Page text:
Is the land boom leveling off?
MITCHELL — From to 2011 to 2012, the value of cropland in South Dakota grew faster than almost anywhere else in the country.
According to the U.S. Department of Agriculture, the average value of cropland in the state increased 24.7 percent to $2,320 per acre.
That growth rate is the third highest in the nation, behind only North Dakota, 29.8 percent, and Kansas, 25 percent.
The average value of cropland in South Dakota has increased 65.7 percent since 2008.
“I think it’s a safer investment than being in the stock market,” said Wayne Gronseth, of Mitchell, on investing in farmland.
Gronseth, 51, owns farmland spread between Tripp County and southern Davison County, and has bought thousands of acres in the area since 2007.
When asked why he chose to buy more land, Gronseth was blunt.
“Because I want it,” he said. “It’s a good investment.”
With land values skyrocketing, even relatively expensive land can be a worthwhile investment. Gronseth purchased land several years ago in southern Davison County and northeast Douglas County for $2,200 per acre, a price some thought was too high, he said.
“People told me I was nuts,” Gronseth said.
He estimates he could sell the same land now for at least $6,000 per acre.
“A lot of things work financially, but a lot of people don’t have the guts to take the risk,” he said.
Bill Davis, chief credit officer with Farm Credit Services of America, said farm profitability will decline as supply catches up with the demand for farm commodities, and as a result, the price of farmland will start to decline.
Farm Credit Services of America is based in Omaha, Neb. and has an office in Mitchell. The company serves Iowa, Nebraska, North Dakota and South Dakota.
“Supply and demand tend to even out over time,” Davis said. “We’ve gone through a period here where demand (for crops) has rapidly increased,”
The need for farm commodities used to produce ethanol has driven domestic demand higher in recent years, Davis said. He estimated between 30 and 35 percent of last year’s corn crop was used for ethanol production. Just a decade ago, that number was below 10 percent, he said.
Strong markets for farm commodities abroad, especially in China, Canada and Mexico, have also boosted demand, he said.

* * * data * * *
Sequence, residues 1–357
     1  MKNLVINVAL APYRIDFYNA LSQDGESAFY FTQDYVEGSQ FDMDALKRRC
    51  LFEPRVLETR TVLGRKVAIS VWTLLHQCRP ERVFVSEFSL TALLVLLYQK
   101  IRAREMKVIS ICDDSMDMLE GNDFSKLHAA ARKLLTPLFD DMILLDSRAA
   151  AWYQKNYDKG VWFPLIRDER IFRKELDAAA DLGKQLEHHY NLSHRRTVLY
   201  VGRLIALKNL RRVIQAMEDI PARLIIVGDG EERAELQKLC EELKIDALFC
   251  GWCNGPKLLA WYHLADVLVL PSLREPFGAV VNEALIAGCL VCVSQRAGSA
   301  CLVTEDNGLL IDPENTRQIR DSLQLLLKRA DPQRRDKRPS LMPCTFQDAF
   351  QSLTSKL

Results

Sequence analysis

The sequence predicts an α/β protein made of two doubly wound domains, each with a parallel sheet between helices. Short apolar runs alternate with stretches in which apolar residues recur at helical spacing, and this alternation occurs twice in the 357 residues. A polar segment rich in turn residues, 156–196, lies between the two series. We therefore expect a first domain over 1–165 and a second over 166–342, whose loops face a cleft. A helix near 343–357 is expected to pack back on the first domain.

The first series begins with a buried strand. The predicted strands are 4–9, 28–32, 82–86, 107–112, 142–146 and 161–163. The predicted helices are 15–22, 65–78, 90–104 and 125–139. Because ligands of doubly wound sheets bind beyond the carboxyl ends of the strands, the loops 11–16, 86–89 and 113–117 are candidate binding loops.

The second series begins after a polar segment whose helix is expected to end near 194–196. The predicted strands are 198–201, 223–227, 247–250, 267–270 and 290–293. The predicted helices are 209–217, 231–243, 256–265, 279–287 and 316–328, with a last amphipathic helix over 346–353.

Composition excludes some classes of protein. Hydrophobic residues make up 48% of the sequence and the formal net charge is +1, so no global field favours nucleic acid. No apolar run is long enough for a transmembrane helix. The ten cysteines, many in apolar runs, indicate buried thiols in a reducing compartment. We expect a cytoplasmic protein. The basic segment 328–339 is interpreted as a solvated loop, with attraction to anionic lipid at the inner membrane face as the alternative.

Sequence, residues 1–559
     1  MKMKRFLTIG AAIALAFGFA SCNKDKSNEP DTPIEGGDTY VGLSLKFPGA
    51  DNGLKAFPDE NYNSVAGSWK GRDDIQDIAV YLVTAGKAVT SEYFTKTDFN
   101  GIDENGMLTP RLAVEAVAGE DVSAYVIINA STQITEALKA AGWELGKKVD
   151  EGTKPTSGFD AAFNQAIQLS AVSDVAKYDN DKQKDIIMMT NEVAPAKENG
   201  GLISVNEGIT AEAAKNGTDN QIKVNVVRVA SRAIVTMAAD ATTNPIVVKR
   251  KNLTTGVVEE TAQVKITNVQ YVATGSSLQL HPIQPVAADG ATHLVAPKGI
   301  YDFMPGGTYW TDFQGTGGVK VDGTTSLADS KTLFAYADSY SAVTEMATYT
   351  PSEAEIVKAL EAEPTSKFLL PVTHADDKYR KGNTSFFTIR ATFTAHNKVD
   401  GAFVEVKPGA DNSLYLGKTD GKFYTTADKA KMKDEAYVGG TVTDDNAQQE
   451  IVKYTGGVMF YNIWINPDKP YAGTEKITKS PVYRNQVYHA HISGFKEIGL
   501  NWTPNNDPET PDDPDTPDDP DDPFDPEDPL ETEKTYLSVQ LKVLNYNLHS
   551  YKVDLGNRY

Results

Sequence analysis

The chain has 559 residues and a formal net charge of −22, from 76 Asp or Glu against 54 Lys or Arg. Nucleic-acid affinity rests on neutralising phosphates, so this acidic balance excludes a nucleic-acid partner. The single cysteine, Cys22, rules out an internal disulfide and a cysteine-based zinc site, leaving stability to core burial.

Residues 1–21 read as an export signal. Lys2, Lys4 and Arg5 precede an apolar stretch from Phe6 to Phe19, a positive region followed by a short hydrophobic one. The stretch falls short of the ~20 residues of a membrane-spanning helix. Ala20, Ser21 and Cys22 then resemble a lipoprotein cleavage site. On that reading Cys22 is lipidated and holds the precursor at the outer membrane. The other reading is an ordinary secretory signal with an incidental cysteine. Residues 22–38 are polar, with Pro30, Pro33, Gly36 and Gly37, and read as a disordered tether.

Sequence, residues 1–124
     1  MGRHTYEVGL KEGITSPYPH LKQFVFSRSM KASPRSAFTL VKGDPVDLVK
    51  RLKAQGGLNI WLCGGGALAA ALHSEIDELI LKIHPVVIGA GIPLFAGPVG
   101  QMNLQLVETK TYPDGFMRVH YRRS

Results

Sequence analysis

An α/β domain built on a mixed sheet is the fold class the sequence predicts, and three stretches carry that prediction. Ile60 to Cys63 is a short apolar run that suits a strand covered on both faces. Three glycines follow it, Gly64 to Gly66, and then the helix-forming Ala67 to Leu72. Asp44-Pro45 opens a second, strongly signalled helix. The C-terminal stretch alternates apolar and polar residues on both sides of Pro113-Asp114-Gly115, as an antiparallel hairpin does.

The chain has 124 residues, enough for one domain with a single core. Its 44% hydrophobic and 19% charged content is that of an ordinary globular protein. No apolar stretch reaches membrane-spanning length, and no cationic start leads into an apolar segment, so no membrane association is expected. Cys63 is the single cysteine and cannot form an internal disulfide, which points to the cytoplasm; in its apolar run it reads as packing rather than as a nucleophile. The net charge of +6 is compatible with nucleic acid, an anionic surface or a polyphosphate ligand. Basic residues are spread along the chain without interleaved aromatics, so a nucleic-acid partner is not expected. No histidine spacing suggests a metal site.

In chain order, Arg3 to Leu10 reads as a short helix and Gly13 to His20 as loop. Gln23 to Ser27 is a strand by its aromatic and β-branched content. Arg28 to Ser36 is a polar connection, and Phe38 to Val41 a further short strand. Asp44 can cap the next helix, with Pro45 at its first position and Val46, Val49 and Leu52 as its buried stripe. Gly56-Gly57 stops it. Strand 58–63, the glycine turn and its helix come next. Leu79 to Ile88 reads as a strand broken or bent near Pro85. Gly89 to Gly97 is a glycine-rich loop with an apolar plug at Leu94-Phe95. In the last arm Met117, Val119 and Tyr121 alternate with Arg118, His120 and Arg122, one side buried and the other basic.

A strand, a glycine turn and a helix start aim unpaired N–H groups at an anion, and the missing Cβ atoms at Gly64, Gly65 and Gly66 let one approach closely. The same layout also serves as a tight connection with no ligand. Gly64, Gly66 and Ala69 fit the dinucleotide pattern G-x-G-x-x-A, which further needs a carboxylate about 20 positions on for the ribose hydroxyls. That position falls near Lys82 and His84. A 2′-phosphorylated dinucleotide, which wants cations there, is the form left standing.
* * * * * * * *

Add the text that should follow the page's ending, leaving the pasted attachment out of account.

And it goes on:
Nationwide, corn production in 2012 fell to 10.7 billion bushels, a 13 percent drop from 2011 and the lowest total since 2006, according to the USDA.
That decline, caused largely by the drought, is having a troubling effect on ethanol plants, according to Mark Gross, president of the South Dakota Corn Growers Association. Some ethanol plants already have shut down due to the shortage of corn paired with high production costs.
“Some plants will have to shut down, but that will allow the others to make it,” Gross said.
Historically low interest rates have made the cost of long-term borrowing lower than in decades, which, paired with high demand for crops, has helped create very strong farm profits in the last three or four years, Davis said.
“The profit levels have created a lot of excess cash for many (farmers),” he said. “Many are investing in farmland.”
All those variables have led to an increase in the value of farmland, Davis said.
“We saw a long, steady, slow rise in values in the early 1990s,” he said, “and then a steep increase starting in 2006.”
If supply begins to catch up with demand, Davis said, profit margins for farmers should start to shrink and the value of farmland could start to decline. If interest rates also go up, the impact could be even greater, he said. Gronseth recognizes farmland values can’t go up forever.
“We can’t go up 25 percent every year,” he said. “It just ain’t going to happen.”
But even if values decline, most farmers need not panic, Davis said, as most have borrowed very conservatively.
“That will be able to sustain them financially if profit levels drop,” he said.
Gronseth is confident he could endure such a decline.
“I’m very aggressive on the land payments,” he said. “I’ve disciplined myself to put a lot of money into it.”
Gross said he is “cautiously optimistic” about the future of the farm economy, which will largely depend on what happens with the drought and whether Congress passes a long-term farm bill.
Davis recommends farmers “conservatively manage their financial position, thoughtfully manage their debt and aggressively manage their interest rates” to get through a decline in profitability and land values unscathed.